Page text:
atra Hardy, 1850a. The North British Agriculturalist and
Journal of Horticulture. 3rd Aug. 1850: 486. [Preoccupied
by Agromyza atra Meigen, 1830, now Cerodontha (Poemyza)
atra (Meigen, 1830)]
Agromyza lathyri Hendel, 1923a. Dt. ent. Z. 1923(4):
Agromyza lathyri Hendel, 1923a; Hendel, 1931. Fliegen
palaearkt. Reg. 6(2): 128
Agromyza lathyri Hendel, 1923a; Spencer, 1972b. Handbk
ident. Br. Ins. 10(5g): 37 (fig. 112), 41, 117
Agromyza lathyri Hendel, 1923a; Spencer, 1976. Fauna
ent. Scand. 5(1): 118, figs 193-6.
Agromyza lathyri Hendel, 1923a; Spencer, 1990. Host
specialization in the world Agromyzidae (Diptera) : 112. 127,
129 (figs 465-7)
Calyptomyza atra Hardy, 1850a; Bland, 2000. Dipterists
Digest 7: 9-14.
initially lower-surface linear leaf-mine, which later develops into
large whitish blotch and appears pale and mottled from above, due
to the variable depth of larval feeding. Less frequently feeding
in upper surface or stem (Spencer, 1972b: 37, fig. 112); Spencer,
mine starts as a superficial lower-surface corridor. After its first
moult the larva starts making a blotch, often close to the base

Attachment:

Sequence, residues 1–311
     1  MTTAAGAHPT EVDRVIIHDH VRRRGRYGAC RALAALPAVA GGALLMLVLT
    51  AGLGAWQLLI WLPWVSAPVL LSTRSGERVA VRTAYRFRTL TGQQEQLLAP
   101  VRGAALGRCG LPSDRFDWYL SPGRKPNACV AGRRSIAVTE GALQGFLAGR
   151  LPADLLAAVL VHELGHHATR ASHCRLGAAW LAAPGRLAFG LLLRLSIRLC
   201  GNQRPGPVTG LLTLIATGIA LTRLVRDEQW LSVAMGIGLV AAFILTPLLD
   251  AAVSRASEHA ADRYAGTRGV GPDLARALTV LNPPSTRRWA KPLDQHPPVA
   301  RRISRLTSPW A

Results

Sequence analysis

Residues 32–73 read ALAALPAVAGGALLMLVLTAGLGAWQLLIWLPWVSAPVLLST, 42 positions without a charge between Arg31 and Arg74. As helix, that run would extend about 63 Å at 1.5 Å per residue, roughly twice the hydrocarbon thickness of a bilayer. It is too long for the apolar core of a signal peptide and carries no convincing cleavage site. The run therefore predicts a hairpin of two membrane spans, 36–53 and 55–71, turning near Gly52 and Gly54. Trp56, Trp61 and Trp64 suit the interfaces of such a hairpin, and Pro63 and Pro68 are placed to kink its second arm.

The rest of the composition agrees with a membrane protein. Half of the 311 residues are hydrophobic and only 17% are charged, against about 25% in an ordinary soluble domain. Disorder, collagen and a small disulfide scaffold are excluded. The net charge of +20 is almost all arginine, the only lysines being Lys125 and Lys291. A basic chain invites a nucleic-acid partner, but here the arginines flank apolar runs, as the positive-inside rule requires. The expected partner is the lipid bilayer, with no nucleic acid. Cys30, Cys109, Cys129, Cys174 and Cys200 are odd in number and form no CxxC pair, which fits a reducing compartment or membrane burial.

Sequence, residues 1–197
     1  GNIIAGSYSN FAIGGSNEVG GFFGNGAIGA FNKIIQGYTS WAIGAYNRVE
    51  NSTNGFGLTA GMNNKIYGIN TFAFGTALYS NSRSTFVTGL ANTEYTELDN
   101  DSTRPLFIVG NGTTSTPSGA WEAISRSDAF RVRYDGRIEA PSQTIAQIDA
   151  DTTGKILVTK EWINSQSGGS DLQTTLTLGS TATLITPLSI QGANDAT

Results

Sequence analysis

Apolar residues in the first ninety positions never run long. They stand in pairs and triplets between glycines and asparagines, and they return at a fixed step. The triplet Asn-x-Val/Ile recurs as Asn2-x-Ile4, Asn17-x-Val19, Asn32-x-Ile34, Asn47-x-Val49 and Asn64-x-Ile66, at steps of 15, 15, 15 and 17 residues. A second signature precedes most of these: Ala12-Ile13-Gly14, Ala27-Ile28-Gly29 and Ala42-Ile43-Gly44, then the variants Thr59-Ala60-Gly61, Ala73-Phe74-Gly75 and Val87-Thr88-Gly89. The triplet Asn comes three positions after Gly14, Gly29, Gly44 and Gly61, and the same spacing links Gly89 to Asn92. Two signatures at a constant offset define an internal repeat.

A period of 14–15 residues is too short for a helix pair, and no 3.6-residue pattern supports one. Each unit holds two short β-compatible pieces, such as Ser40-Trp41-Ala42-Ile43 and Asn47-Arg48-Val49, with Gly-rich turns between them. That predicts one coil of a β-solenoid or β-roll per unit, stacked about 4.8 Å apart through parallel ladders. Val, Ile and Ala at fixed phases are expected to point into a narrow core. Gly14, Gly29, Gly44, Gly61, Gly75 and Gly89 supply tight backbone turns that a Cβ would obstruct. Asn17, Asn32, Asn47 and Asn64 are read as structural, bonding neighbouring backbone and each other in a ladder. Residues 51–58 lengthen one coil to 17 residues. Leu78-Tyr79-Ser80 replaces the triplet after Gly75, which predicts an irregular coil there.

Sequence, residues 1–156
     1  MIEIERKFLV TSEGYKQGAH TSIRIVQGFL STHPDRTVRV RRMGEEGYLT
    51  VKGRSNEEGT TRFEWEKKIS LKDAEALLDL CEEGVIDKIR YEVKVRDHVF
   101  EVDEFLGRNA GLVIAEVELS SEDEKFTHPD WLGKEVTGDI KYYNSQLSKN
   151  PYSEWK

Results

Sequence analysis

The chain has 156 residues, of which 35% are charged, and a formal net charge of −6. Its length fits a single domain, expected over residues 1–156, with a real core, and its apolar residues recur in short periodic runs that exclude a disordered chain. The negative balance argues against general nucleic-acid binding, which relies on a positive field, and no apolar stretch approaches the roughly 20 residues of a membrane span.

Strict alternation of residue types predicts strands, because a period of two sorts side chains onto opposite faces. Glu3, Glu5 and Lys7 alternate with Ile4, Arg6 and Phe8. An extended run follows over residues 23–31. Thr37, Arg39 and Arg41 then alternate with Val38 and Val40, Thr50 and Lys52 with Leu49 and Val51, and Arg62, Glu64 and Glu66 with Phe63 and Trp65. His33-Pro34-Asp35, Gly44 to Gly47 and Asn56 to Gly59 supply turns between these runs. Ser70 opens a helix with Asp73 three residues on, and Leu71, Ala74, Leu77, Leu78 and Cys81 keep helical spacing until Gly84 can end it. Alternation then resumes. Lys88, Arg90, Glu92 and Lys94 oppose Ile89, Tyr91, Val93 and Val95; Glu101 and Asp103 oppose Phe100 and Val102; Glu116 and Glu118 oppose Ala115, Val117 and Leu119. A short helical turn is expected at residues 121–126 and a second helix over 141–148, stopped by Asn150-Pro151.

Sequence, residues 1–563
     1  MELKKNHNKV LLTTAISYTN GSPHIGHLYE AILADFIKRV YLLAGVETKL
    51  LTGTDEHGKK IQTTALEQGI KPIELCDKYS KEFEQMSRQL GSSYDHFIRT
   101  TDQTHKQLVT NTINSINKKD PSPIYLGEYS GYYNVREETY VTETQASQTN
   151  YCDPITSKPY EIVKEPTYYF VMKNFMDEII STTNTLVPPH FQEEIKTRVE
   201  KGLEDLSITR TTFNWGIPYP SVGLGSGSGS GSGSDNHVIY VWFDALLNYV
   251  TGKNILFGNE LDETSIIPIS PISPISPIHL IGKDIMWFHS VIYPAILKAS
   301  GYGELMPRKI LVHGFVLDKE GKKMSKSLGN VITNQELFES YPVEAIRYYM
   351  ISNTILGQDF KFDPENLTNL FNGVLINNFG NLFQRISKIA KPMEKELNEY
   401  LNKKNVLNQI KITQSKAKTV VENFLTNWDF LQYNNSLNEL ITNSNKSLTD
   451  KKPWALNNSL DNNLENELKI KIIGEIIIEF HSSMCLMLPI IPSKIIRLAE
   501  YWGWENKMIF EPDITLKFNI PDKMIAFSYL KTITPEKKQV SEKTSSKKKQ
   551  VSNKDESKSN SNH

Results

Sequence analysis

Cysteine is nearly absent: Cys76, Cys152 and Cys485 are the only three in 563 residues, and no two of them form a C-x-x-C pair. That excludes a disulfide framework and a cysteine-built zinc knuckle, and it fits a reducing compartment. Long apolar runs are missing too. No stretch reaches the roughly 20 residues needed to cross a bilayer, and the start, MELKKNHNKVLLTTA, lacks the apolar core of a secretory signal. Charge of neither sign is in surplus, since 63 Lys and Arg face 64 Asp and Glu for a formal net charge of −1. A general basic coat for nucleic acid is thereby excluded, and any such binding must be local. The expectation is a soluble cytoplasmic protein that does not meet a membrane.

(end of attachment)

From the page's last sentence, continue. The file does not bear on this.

of the leaflet. The blotch in principle is lower-surface, but may
be interparenchymatous for some part. Moreover, in places the larva
feeds from the palissade parenchyma. Seen from above the leaf appears
mottled. The overall result is that the mine, despite its considerable
size, is hard to find. The easiest way is to hold the leaves against
the light: the large larvae than are conspicuous. Frass in coarse
grains, both in the corridor and in the blotch; in the corridor
they are widely spaced. Pupation outside the mine (Bladmineerders van Europa).
Larva: The larvae of flies are leg-less maggots without a head capsule (see examples). They never have thoracic or abdominal legs. They do not have chewing mouthparts, although they do have a characteristic cephalo-pharyngeal skeleton (see examples), usually visible internally through the body wall.
The larva is described by Darvas, Skuhravá and Andersen
(2000), de Meijere (1926) and in Bladmineerders van Europa.
Puparium: The puparia of flies are formed within the hardened last larval skin or puparium and as a result sheaths enclosing head appendages, wings and legs are not visible externally (see examples).
Reddish (Bladmineerders van Europa); posterior spiracles each with up to 40 bulbs on a black
conical projection (Spencer,
1976: 118, fig. 196).
Hosts in Great Britain & Ireland:
of year - mines: June-August.
of year - adults: Currently unknown.
in Great Britain & Ireland: Kent (New Cross), Surrey (Kew)
(Spencer, 1972b: 41), Warwickshire
(Coventry) (Robbins, 1991:
46) and Cambridgeshire (NBN
Distribution elsewhere: Widespread in continental Europe including Denmark, Germany,
Holland, Italy (Spencer, 1976:
118), Corsica, Czech Republic, French mainland, Lithuana, Poland,
Romania, Spanish mainland, Sweden and The Netherlands (Martinez
in Fauna Europaea).
NBN Atlas links to known host species:
British and Irish Parasitoids in Britain and elsewhere: